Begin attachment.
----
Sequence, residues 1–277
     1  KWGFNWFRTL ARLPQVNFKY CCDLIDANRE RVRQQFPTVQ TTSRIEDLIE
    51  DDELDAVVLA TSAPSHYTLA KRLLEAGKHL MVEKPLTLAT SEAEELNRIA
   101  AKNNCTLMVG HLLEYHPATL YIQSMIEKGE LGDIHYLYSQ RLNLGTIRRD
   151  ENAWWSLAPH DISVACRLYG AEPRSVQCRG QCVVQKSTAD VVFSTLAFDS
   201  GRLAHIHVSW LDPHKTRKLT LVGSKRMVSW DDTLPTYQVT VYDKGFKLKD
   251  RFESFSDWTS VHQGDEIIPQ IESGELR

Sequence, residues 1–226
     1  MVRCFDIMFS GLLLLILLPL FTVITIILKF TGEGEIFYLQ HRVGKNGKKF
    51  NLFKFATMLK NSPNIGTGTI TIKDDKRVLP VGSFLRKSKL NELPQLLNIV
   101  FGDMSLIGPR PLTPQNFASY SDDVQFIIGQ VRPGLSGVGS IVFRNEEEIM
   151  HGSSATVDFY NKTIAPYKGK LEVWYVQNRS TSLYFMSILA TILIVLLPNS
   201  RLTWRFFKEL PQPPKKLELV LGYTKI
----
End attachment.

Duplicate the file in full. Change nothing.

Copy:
Sequence, residues 1–277
     1  KWGFNWFRTL ARLPQVNFKY CCDLIDANRE RVRQQFPTVQ TTSRIEDLIE
    51  DDELDAVVLA TSAPSHYTLA KRLLEAGKHL MVEKPLTLAT SEAEELNRIA
   101  AKNNCTLMVG HLLEYHPATL YIQSMIEKGE LGDIHYLYSQ RLNLGTIRRD
   151  ENAWWSLAPH DISVACRLYG AEPRSVQCRG QCVVQKSTAD VVFSTLAFDS
   201  GRLAHIHVSW LDPHKTRKLT LVGSKRMVSW DDTLPTYQVT VYDKGFKLKD
   251  RFESFSDWTS VHQGDEIIPQ IESGELR

Sequence, residues 1–226
     1  MVRCFDIMFS GLLLLILLPL FTVITIILKF TGEGEIFYLQ HRVGKNGKKF
    51  NLFKFATMLK NSPNIGTGTI TIKDDKRVLP VGSFLRKSKL NELPQLLNIV
   101  FGDMSLIGPR PLTPQNFASY SDDVQFIIGQ VRPGLSGVGS IVFRNEEEIM
   151  HGSSATVDFY NKTIAPYKGK LEVWYVQNRS TSLYFMSILA TILIVLLPNS
   201  RLTWRFFKEL PQPPKKLELV LGYTKI